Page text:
Asus' new ROG Zephyrus S GX502 gaming laptop tries to strike a balance between work and play with a more conventional design than previous models in the series.
For starters, the keyboard and touchpad are where you expect them to be. This is not the case for its 17.3-inch sibling, the ROG Zephyrus S GX701, which has its keyboard right up to the front edge.
It also means the GX502 can be used comfortably on the lap since you do not need to perch it on your knees to type on it like for the GX701.
Its lap-friendliness is also helped by the fact that the heat it emits is tolerable when not running a graphically intensive game or app.
The laptop weighs about 2kg, which is relatively light for a 15-inch gaming model.
It can also be charged by power banks that support the USB-C Power Delivery standard, via its single USB-C port, which lends credibility to its use as a portable work laptop.
Its magnesium-aluminium alloy chassis feels fairly rigid at the palm-rest area because of a honeycomb internal structure. The palm rest itself is covered by a soft-touch layer that feels a bit like sandpaper and does not stain easily from perspiration and grease.
• Sturdy yet lightweight design
• Can be charged by USB-C power banks
• Soft-touch palm rest resistant to stains
• Noisy while running games
• Separate Web camera module
PROCESSOR: Intel Core i7-9750H (2.6GHz)
GRAPHICS: Nvidia GeForce RTX 2070 8GB GDDR6
RAM: 16GB DDR4
SCREEN SIZE: 15.6 inches, 1,920 x 1,080 pixels
CONNECTIVITY: USB 3.1 Gen 2 Type-C, USB 3.1 Gen 2 Type-A, 2 x USB 3.1 Gen 1 Type-A, HDMI, Ethernet port, audio jacks
BATTERY: 76 watt-hour
VALUE FOR MONEY: 3.5/5
BATTERY LIFE: 2/5
The same sandpaper-like feel is present on the keycaps, which are lit up individually by customisable LEDs. The keyboard is shallow, but a light tap suffices to register a keystroke.
Asus has reined in the flashy gaming aesthetics for the GX502.
The lid has a brushed metallic finish without the usual gaming laptop flourishes, though the red backlit Asus ROG logo is a dead giveaway.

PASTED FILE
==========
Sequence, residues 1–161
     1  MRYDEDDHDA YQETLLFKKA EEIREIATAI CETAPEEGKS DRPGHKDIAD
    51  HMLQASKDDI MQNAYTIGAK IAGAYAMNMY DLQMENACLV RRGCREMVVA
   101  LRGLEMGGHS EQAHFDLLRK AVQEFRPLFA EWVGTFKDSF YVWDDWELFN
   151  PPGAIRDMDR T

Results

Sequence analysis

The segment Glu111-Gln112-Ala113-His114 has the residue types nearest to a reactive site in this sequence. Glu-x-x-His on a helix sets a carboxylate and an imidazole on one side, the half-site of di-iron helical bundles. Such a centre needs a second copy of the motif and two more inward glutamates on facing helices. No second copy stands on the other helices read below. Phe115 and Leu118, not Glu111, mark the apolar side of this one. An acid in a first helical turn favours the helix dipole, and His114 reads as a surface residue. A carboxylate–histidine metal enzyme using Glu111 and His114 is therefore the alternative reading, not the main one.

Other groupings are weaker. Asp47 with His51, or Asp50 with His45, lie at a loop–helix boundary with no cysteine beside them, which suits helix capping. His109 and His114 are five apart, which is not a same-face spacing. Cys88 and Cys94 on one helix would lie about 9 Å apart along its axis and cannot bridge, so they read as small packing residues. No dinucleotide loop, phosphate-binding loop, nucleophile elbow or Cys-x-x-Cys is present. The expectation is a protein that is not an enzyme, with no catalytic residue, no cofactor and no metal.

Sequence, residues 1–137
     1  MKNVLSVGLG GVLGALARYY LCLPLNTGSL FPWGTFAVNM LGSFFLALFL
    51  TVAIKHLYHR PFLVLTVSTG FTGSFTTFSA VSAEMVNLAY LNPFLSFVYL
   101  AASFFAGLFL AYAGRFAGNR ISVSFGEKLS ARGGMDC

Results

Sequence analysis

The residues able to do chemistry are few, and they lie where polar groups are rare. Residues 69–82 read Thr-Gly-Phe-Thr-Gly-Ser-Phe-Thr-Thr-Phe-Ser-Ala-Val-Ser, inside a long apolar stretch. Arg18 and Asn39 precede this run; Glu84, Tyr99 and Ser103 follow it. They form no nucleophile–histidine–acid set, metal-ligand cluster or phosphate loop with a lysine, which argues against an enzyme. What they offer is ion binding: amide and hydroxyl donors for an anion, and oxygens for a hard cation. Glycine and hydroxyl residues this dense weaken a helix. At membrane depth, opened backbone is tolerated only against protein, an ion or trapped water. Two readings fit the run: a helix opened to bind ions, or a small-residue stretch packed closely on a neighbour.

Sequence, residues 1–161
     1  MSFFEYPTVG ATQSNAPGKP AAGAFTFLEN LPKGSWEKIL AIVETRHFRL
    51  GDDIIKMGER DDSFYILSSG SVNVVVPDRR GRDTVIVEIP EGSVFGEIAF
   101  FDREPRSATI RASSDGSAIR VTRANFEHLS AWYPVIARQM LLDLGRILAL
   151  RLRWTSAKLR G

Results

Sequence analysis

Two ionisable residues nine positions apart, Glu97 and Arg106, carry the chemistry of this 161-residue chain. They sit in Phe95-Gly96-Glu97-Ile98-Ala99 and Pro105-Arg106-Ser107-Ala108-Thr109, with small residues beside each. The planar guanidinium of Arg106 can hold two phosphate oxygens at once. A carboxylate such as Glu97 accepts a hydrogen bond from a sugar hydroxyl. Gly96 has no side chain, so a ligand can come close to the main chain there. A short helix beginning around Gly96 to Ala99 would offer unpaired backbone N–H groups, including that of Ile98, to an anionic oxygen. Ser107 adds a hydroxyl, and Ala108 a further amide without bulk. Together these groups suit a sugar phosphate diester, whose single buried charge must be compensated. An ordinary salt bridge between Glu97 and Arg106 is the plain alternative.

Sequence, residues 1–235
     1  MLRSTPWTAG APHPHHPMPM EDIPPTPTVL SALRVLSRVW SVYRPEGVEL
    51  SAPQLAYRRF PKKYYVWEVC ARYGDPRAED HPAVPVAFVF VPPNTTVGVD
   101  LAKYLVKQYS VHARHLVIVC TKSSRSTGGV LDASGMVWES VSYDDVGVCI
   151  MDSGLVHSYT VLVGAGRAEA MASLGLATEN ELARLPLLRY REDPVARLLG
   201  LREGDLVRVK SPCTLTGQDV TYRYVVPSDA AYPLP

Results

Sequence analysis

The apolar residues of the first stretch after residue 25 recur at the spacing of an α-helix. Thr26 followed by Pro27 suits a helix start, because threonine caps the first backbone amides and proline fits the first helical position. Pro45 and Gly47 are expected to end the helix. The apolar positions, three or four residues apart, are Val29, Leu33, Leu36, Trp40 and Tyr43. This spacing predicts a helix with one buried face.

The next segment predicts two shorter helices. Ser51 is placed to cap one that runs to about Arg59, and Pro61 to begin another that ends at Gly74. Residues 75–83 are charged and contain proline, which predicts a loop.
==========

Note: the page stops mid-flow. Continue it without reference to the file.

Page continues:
It also has fewer decorative LED lights than the average gaming laptop, which means the GX502 can almost pass off as an office workstation computer.
However, this facade is instantly ripped away when you start up a game because the fans, especially when the laptop is running in Turbo mode for maximum performance, are very loud.
Asus has retained the hinged ventilation system of the previous models. A flap at the back of the GX502 opens up to allow more cool air to enter. It is a good idea, but the flap seems like a potential fault line.
Like many laptops nowadays, the GX502 sports skinny bezels on three sides of its matte display. To achieve this near-bezel-less look, the Web camera has been removed, though Asus bundles an external camera as an alternative.
The screen has a refresh rate of 144Hz, which is desirable for smooth and responsive gameplay. On top of that, it supports Nvidia's G-Sync technology, which can align a game's frame rates with the display's refresh rate to reduce tearing and stuttering.
It comes with the latest Intel Core i7-9750H processor, while its Nvidia GeForce RTX 2070 graphics chip is a tier below the flagship RTX 2080 unit found in the GX701. In the 3DMark Time Spy benchmark, the GX502 managed 7,354, which is slightly lower than the 7,837 scored by the GX701.
The RTX 2080 graphics chip gave the GX701 a clear lead over the GX502 in Doom and Crysis 3 gaming tests. The GX502 produced an average of 109 frames per second (fps) in Crysis 3, compared with 128fps for the GX701. In Doom, it was 79fps versus 128fps.
In other words, the GX502 is not as fast as its bigger brother. But it is fast enough for most gamers and, more importantly, is more portable and less expensive.